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Arkansas grown hops help put the “local” in craft brewed beers

By Fred Miller
U of A System Division of Agriculture

Fast Facts:

  • Increasing craft beer brewing is driving interest in growing hops in the South
  • New Division of Ag program researches hops production for Arkansas
  • 67 attend hops workshop at Fruit Research Station

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CLARKSVILLE, Ark. — Locally brewed craft beers can be even more local when made with Arkansas grown hops.

That was the consensus of 67 craft beer brewers, hops growers and budding hops growers who attended a hops workshop presented by the University of Arkansas System Division of Agriculture at the Fruit Research Station Aug.15. Research and extension faculty reported on the first year of a hops research project to determine the feasibility of hops production in Arkansas.

Hops Workshop
GOING LOCAL -- Hops varieties in Division of Agriculture production trials were shown on a tour during the Division of Agriculture Hops Workshop. More than 60 participants attended the workshop. (UA System Division of Agriculture photo by Fred Miller)

Production Practices

Amanda McWhirt, extension horticulture specialist, said the first year of data yielded very preliminary results about management systems and pest control.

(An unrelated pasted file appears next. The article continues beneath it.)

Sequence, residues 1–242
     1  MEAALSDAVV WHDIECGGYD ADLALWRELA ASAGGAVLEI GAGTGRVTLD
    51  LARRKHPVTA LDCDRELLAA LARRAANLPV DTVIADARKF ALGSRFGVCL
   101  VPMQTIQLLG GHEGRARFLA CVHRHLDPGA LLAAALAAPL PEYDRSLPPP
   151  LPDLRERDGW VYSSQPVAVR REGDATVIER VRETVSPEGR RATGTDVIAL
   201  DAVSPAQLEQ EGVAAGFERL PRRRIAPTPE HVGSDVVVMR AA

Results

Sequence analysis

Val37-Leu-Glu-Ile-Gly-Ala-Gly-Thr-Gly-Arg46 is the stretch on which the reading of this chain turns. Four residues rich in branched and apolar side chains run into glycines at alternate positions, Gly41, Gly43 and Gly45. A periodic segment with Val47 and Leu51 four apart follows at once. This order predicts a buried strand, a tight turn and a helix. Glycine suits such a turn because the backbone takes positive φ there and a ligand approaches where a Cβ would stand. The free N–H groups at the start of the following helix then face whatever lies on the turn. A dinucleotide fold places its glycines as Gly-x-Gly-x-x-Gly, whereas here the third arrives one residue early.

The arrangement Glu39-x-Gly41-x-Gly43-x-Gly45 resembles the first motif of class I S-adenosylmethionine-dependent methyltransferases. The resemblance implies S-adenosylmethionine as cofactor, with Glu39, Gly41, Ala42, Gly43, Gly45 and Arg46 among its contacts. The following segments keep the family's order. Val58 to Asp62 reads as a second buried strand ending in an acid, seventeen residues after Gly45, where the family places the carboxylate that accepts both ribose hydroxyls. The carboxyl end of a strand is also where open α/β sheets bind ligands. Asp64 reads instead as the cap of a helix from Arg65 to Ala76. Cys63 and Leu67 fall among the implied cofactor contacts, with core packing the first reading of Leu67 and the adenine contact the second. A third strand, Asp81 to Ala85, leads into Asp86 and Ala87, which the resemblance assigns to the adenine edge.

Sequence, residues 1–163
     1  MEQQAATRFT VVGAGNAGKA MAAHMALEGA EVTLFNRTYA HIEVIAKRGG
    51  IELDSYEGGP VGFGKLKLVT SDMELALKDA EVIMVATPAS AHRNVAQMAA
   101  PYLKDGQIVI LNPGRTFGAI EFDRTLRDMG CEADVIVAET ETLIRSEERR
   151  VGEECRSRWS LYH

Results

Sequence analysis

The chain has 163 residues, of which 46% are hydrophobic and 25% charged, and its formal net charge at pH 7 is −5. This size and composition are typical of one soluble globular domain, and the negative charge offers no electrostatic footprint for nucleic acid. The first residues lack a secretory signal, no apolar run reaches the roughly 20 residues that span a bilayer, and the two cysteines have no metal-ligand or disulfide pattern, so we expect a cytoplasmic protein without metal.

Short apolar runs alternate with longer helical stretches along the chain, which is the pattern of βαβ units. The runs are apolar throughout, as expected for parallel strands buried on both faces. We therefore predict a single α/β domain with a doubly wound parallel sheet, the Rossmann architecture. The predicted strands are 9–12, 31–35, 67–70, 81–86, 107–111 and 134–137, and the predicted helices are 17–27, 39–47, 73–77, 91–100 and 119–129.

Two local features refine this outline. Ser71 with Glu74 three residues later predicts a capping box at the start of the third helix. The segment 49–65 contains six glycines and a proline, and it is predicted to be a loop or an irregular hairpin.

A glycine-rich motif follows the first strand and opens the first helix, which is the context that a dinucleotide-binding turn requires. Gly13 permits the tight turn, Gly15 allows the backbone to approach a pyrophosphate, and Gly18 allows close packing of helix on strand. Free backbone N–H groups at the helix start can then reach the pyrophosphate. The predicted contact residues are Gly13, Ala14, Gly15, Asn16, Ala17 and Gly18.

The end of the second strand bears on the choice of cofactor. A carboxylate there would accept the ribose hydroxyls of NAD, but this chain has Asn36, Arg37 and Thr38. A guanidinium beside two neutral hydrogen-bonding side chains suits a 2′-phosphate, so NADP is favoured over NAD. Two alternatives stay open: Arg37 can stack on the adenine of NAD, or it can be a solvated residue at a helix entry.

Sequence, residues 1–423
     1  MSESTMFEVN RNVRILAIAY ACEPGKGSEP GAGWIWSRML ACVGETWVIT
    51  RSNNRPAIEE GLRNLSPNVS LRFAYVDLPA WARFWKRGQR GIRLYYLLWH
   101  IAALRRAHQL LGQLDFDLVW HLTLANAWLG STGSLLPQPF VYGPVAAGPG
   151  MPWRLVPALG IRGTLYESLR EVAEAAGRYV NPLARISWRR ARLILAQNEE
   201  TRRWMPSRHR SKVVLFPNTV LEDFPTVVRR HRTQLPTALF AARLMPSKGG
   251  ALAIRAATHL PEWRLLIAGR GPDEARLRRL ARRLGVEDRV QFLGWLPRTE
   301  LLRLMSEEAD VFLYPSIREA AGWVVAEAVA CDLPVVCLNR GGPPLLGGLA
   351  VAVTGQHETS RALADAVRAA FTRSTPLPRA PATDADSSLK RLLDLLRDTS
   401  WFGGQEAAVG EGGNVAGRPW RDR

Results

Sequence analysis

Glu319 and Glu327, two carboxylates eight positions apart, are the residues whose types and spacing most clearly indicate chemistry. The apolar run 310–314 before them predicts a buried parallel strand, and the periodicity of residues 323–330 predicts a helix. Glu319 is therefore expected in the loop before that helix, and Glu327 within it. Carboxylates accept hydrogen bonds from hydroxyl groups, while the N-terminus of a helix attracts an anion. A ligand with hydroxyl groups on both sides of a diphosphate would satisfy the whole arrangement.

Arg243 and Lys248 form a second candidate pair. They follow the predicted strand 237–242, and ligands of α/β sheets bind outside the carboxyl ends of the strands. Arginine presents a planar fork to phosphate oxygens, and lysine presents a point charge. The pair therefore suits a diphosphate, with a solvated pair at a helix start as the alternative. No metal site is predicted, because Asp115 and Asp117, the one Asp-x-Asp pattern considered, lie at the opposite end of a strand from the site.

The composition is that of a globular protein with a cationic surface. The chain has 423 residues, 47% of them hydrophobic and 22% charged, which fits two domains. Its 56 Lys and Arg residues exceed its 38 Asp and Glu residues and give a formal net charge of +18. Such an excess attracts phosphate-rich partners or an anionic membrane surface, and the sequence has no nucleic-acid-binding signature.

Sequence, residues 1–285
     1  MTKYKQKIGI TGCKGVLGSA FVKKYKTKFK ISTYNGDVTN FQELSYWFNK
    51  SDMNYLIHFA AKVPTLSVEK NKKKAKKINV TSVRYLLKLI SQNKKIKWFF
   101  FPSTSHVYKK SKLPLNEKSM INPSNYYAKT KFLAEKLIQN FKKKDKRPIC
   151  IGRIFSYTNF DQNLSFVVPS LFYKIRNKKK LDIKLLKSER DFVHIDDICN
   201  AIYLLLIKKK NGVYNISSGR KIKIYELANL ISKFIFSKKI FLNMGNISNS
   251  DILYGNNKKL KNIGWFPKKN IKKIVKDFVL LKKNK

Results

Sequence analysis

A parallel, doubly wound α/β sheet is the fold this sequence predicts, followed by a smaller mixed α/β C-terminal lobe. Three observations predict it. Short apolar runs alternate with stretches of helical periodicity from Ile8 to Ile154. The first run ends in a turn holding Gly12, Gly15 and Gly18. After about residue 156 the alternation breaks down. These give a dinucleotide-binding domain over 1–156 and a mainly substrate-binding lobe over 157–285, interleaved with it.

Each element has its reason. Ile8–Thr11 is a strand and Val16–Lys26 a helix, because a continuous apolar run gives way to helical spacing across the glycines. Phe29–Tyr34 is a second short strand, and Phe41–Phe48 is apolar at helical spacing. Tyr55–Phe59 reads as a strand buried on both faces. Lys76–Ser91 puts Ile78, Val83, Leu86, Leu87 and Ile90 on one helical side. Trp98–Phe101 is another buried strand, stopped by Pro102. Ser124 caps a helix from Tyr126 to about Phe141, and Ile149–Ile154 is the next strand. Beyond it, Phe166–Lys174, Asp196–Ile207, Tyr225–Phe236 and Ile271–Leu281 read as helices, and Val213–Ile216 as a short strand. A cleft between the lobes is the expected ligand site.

“Most hops production in the U.S. is in northern states,” McWhirt said, “but there’s a lot of interest in southern states.”

Driving the interest, McWhirt said, was explosive growth in craft beer breweries across the country. Craft beer production has nearly doubled since 2014.

Given the growing interest, McWhirt said, the division launched a research program supported by a grant from the Arkansas Department of Agriculture.

“We’re seeking to determine production potential, economic potential and outreach opportunities,” McWhirt said.

Hops are vigorous, climbing, herbaceous plants with twisted stems referred to as bines, McWhirt said. They grow 20-30 feet tall and remain productive for 10-25 years, depending on variety. Most hops have separate male and female plants, though sometimes a plant can produce both male and female flowers on the same plants.

The unpollinated female flower produces a cone, the part of the plant used to make beer. If pollinated, the cones will have seeds inside, which reduces the quality of the cones.

“You don’t want male plants in your hops yard,” McWhirt said. “That way, the cones don’t have seed in them.”

For those considering installing a hops yard, McWhirt recommends asking two questions: “Where am I going to sell the hops, and how am I going to get it harvested?”